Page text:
And I was the one to save them. Again. And again. And again. Until the vagaries of the level were seared into my subconscious. Sure, I had other games to play, and other things to do, but the smile on my sister’s face as she watched that ending sequence seemed like a good enough reason to put them off. After all, there were princesses to be saved! And I was the one to save them. Again. And again …
When I met the love of my life in the fall of 2000, she had barely touched a controller in a decade. Like every kid in America in the ’80s, she had owned an NES, but somewhere in the intervening years she had let the gaming world pass her by. I was determined to bring her back into this world, as much out of a desire to be with her as a desire to validate the last 10 years of my life. So, after an initial courtship (in which I downplayed my videogame obsession to an absurd degree), I made a case for her to try out my favorite game, Super Mario 64.
To say she took to it would be an understatement. Every chance we had some time together would be another chance for her to suggest we break out the good old Nintendo 64. At first, I was overjoyed that this wonderful woman took so easily to my favorite game, but the joy quickly turned to frustration for me, usually because it turned into frustration for her.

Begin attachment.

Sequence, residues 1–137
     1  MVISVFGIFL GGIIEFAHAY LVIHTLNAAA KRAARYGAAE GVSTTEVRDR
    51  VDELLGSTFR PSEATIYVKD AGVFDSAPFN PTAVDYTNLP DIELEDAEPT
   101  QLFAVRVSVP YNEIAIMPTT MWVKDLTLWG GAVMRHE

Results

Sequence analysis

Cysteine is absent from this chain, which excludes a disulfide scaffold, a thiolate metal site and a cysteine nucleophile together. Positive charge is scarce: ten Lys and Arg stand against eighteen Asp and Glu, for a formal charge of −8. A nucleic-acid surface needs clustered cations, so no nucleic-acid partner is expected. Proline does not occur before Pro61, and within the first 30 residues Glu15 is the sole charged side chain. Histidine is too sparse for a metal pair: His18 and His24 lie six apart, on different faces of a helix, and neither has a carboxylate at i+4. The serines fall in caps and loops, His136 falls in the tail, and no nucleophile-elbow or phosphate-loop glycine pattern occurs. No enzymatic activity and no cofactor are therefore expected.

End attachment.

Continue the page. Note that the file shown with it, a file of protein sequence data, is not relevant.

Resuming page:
The years of videogame atrophy had taken their toll, and her desire to explore ran up against her inability to complete the next objective. I would try to give helpful advice at first, but that only seemed to add to the frustration. I would try to turn my attention elsewhere when I couldn’t bear to silently watch her struggle any longer, but she’d insist I stay and watch while she played. “It’s no fun if you’re not here,” she’d tell me. What could I say to that?
But what love doesn’t go through a rough patch? Despite the problems, watching the woman I loved play the game I loved made me feel like I was playing for the first time, even though I never touched the controller. Mario’s trials became hers, and her trials became my own, and we connected through shared digital struggle.
It may seem counter-intuitive to say a single player game helped me connect with the people close to me more than any multiplayer game did, but it’s true. And as I wrapped up my time with the newer, jazzed up portable version of Super Mario 64, I realized it was this connection that was missing this time around. There was no look of joy on the subway rider next to me when I beat Bowser. There were no shared shouts of triumph after a hard-earned star. It was just me and my favorite game, alone in the crowd.
I often worry that, as I get older, my ability to play and enjoy games will diminish as my reflexes slow, my fingers stiffen, and my body generally gives way to the ravages of age. But then, I picture an old man sitting on a couch as a new, hungry generation of gamers tears into some new digital world or other. The old man laughs and screams and winces and throws tantrums right along with the children on his floor, living vicariously through the vicarious lives of a new generation. And I smile.
Kyle Orland is a video game freelancer. He writes about the world of video game journalism on his weblog, Video Game Media Watch.